When I ran away from home, which I did repeatedly in my early teens primarily to avoid answering for bad report cards, I went to missions. My fellow mission-mates, the bums, mostly seemed not to fit into society because they were too sensitive, too childlike, too self-indulgent, spendthrift, wild and foolish. There wasn’t as much self-pity in the underclass in those days, I have to say, because it was more accepted to be poor. Now it’s like you should just die, melt, and drain down the gutter. For me, it was a relief to be with people who didn’t challenge me. School, parents, authorities, were always in my face, telling me what to do. Poor people were also impressed with my smart-kid gab. So when I grew up, I became poor. St. Francis was into poverty, and being poor meant you were resourceful and satisfied with little.

Eventually I learned that being poor meant your wife and kids felt poor. And being poor, you could work low paying jobs with low-class people as your bosses. Poor people can make really bad bosses, who can take you back to third grade with their petty sadism. No smart person wants to be in that position.

Rock’N'Roll High School


For an album with a saccharine title, this movie packs an incredible kick, but of course — it has the Ramones in it! Alan Arkush, working for sleazy producer Roger Corman, directed Mary Woronow in the role of Miss Togar, the new principal of Vince Lombardi High, facing her off against PJ Soles as Riff Randell, the Ramones’ Number One Fan, or as Miss Togar would have it, “a spoiled teenage heathen punk”. According to Arkush, the production was completed for $280,000, operating within Roger Corman’s stingy budget, by finessing all rules, including fire safety and noise laws, and any other rule not enforced by the Director’s Guild, Actor’s Guild, or Writer’s Guild. The guiding vision was Corman’s desire to blow up the school at the end using real explosions, but Corman’s big kaboom is put into the shade by the truly explosive Ramones concert footage.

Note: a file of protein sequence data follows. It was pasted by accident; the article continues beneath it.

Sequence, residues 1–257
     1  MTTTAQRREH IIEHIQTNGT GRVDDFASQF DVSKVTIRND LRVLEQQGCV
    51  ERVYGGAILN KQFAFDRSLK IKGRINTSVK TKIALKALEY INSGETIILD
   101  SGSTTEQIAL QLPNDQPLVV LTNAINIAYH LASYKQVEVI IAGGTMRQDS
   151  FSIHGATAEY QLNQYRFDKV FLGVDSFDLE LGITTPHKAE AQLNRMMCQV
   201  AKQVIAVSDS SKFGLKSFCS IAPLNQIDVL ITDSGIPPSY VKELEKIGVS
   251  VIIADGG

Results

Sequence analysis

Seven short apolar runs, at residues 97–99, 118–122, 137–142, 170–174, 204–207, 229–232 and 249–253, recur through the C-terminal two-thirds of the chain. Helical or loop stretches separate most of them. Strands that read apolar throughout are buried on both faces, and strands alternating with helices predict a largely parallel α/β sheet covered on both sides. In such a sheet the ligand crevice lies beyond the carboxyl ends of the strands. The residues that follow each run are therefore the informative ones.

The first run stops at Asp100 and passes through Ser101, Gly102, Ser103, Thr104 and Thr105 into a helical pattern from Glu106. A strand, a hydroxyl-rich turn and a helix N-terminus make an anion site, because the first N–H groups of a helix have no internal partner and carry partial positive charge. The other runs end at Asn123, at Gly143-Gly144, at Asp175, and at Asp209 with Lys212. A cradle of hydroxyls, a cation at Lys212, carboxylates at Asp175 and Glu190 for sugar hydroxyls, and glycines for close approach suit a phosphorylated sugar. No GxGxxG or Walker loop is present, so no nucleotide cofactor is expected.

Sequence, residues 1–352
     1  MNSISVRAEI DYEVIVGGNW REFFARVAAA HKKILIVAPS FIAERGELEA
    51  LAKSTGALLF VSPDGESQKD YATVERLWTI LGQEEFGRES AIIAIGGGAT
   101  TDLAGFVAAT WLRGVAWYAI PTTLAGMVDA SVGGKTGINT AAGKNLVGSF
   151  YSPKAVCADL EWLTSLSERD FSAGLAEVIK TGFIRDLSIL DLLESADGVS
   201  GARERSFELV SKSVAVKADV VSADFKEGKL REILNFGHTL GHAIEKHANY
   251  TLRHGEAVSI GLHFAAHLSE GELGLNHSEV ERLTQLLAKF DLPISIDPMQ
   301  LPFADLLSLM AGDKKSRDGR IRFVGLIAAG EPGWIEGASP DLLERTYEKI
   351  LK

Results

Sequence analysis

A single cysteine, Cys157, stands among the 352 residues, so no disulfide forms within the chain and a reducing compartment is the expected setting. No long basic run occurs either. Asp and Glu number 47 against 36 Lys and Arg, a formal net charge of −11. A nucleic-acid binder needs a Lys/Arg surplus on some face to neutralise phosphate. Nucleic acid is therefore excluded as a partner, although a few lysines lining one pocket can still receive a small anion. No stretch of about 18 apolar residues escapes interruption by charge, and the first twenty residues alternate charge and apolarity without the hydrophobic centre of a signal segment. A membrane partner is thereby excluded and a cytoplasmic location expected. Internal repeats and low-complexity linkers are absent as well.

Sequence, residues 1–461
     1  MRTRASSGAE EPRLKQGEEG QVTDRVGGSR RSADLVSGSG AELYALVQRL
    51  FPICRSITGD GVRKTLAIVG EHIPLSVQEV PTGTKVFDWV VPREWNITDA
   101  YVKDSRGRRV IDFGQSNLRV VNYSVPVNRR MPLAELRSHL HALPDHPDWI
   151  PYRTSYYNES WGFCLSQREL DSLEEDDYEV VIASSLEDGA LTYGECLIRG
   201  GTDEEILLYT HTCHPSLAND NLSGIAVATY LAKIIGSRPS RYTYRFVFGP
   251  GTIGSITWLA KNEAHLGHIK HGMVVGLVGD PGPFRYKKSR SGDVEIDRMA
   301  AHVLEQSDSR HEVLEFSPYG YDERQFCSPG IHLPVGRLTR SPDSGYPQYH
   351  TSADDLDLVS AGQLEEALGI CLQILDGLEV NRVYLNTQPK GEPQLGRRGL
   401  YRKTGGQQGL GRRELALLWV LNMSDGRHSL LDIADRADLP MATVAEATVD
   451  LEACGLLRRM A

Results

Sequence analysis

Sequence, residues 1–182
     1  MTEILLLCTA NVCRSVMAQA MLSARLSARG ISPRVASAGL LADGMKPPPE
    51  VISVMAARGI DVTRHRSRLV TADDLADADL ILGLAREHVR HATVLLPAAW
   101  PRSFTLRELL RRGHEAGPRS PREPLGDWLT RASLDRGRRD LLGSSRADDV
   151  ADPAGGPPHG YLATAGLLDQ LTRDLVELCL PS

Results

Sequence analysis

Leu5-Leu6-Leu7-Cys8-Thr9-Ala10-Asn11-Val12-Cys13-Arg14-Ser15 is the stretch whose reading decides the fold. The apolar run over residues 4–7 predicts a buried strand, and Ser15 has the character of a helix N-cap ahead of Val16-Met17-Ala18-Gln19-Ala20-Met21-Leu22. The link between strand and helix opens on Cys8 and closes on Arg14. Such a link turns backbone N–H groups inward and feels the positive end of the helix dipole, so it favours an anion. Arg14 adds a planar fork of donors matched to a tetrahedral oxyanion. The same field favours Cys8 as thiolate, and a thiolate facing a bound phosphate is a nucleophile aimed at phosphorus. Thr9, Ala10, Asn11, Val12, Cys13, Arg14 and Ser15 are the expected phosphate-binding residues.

The plot can’t lose any power by being revealed, because it is no plot, just a stretched rubber band of teenage eroticism, yearning, and rebellion pulled to the breaking point and then allowed to snap. Riff is single-mindedly devoted to Joey, whom she likens to “a poem” while sharing romantic confidences with her friend Kate Rambeau, the school genius. Kate pines after the top jock, Tom, played by Vince Van Patten, who isn’t attracted to her, and instead buys a “contract” for Riff’s affections from the school’s budding sleazebag, Eaglebauer, who hosts Lombardi High’s black market from a secret office in the smoke-filled Boy’s Room. The contract comes complete with a training makeout session in front of a roll-down screen of a romantic LA night in the full light of day in Topanga Canyon, an experience that leaves Tom feeling high and dry when confronted with a convertible, the city-lights backdrop, and a willing Kate as his “training partner.” But enough distraction, back to the film.